Astronomers discover new class of cosmic explosion brighter than 100 billion suns

Artists impression of a black hole destroying a nearby star. The researchers believe such a collision may be responsible for this new type of explosion.
Artists impression of a black hole destroying a nearby star. The researchers believe such a collision may be responsible for this new type of explosion. (Image credit: ESA / C. Carreau)

Astronomers have discovered a mysterious new type of cosmic explosion that outshines nearly every supernova ever detected. Within 10 days, the peculiar blast grew brighter than 100 billion suns, then faded away to nearly nothing a few weeks later — a destructive event both briefer and more spectacular than a typical supernova.

The fast and furious event likely represents a new class of explosion never studied before, according to research published Sept. 1 in The Astrophysical Journal Letters.

"We have named this new class of sources 'Luminous Fast Coolers' or LFCs," lead study author Matt Nicholl, an astrophysicist at Queen's University Belfast said in a statement. "The exquisite data set that we have obtained rules out this being another supernova."

Supernovas are bright explosions that occur when large stars (typically measuring at least eight times the mass of the sun) burn up their nuclear fuel, collapse in on themselves and blast their outer layers of gas into space. Every year, astronomers observe hundreds of supernovas suddenly brighten, then gradually dim. Typically, a supernova reaches peak brightness after about 20 days, shining several billion times brighter than the sun. Over the following months, the explosion slowly fades away.

But LFCs are not supernovas. For one thing, the newly discovered explosion — which astronomers detected with the Asteroid Terrestrial-Impact Last Alert System (ATLAS) telescope network in Hawaii, Chile and South Africa — occurred in a galaxy full of sun-like stars that are far too small to be supernova material.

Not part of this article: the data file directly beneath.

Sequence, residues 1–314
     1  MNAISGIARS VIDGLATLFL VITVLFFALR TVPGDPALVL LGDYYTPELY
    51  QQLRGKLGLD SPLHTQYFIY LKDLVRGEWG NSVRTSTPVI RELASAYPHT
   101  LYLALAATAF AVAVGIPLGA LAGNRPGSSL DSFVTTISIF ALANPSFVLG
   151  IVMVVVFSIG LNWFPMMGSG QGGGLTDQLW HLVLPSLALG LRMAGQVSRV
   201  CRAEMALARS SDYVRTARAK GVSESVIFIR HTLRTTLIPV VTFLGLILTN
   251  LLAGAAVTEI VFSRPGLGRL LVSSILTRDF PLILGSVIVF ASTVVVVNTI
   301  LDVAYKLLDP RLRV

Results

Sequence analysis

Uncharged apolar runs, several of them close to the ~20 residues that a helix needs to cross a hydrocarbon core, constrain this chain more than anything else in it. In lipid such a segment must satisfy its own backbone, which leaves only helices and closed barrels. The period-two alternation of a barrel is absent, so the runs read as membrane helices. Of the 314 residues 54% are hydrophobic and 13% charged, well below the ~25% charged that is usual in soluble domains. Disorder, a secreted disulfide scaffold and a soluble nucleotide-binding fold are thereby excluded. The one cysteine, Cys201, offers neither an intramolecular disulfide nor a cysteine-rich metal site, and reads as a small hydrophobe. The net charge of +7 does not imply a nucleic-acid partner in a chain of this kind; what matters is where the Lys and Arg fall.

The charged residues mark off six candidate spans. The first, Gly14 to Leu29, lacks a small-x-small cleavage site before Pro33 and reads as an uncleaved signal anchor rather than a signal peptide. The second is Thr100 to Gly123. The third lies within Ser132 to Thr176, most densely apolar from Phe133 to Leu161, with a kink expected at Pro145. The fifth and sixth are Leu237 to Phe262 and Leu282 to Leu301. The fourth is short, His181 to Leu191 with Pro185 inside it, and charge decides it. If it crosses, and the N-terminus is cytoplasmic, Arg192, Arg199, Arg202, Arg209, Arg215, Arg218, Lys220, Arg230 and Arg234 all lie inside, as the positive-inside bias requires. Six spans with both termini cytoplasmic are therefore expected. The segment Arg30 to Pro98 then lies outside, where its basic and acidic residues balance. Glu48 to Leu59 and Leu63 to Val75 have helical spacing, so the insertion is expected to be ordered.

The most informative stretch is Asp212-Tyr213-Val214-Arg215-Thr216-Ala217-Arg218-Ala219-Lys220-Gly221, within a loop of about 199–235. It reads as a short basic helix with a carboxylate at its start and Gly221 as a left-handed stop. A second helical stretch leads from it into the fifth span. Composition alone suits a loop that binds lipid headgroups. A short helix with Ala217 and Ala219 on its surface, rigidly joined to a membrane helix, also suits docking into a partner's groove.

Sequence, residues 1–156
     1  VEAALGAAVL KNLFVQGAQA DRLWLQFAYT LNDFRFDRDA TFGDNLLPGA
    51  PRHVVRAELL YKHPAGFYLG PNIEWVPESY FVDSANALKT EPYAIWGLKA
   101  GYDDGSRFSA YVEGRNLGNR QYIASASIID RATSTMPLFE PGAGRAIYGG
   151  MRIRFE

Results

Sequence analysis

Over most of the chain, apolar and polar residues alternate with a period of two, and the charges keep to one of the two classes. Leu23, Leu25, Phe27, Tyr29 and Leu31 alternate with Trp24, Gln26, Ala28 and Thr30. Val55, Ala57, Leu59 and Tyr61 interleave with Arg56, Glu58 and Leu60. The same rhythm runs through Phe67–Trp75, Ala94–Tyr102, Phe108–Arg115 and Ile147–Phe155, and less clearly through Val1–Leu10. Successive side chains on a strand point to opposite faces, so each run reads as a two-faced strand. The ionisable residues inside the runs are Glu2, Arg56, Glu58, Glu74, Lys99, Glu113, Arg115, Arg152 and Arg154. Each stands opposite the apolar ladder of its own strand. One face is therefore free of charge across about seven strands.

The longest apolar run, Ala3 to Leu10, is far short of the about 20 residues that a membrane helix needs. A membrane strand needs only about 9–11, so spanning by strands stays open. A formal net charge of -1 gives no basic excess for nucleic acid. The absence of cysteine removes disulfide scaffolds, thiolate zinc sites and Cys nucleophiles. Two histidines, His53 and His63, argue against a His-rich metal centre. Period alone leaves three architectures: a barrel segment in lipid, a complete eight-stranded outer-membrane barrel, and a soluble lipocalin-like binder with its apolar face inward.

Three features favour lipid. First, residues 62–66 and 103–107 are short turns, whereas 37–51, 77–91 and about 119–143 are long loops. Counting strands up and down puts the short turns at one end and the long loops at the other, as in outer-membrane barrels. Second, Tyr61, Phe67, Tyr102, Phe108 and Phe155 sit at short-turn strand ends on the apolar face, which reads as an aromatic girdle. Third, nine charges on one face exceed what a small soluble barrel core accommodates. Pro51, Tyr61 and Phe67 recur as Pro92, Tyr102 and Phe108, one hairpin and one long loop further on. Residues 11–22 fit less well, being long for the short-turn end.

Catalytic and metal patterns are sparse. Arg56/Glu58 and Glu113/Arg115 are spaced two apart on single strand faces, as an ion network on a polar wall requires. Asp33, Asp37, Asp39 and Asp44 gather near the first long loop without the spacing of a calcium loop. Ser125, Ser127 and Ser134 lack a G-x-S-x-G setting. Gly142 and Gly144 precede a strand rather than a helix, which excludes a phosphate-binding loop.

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Image from the European Southern Observatory New Technology Telescope showing the distant red galaxy (center) where the explosion occurred. The explosion site is marked by the yellow cross. (Image credit: M. Nicholl)

"Our data showed that this event happened in a massive, red galaxy two billion light-years away," study co-author Shubham Srivastav, a research fellow also at Queen's University, said in the statement. "These galaxies contain billions of stars like our Sun, but they shouldn't have any stars big enough to end up as a supernova."

In addition to its unusual location, the newfound explosion also grew far brighter and faded far quicker than a typical supernova, according to the researchers. Within the next 15 days, the object had faded by two orders of magnitude, and had faded to only 1% of its peak brightness just one month after detonating.

Simply put, the explosion did not fit the profile of any known supernova. So, had anything like it ever occurred before? To find out, the researchers combed through archival telescope surveys, looking for objects with a similar brightness and lifespan. They ultimately uncovered two other objects — one from a 2009 survey, and the second from 2020 — with similar properties to the newly detected blast.

The team concluded that these blasts represent a new — and very rare — class of cosmic explosion that likely has nothing to do with dying stars. What exactly are LFCs, then? For now, the team can only speculate.

"The most plausible explanation seems to be a black hole colliding with a star," Nicholl said.

However, even this explanation doesn't quite fit; when black holes rip material away from passing stars in gruesome interactions known as tidal disruption events, they release bright X-ray emissions — and none of the LFCs identified here showed any X-ray emissions.

It could be that scientific models of star-on-black-hole collisions need to be refined — or, astronomers just don't have enough information about LFCs to make any conclusions yet. The team will continue looking for more of these mysterious explosions in galaxies closer to Earth.

Brandon Specktor

Brandon is the space/physics editor at Live Science. His writing has appeared in The Washington Post, Reader's Digest,, the Richard Dawkins Foundation website and other outlets. He holds a bachelor's degree in creative writing from the University of Arizona, with minors in journalism and media arts. He enjoys writing most about space, geoscience and the mysteries of the universe.